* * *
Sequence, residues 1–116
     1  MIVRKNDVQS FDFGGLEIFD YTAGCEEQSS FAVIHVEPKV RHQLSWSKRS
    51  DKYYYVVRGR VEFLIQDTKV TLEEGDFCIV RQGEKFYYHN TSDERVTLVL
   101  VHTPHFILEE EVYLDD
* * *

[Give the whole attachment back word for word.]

Sequence, residues 1–116
     1  MIVRKNDVQS FDFGGLEIFD YTAGCEEQSS FAVIHVEPKV RHQLSWSKRS
    51  DKYYYVVRGR VEFLIQDTKV TLEEGDFCIV RQGEKFYYHN TSDERVTLVL
   101  VHTPHFILEE EVYLDD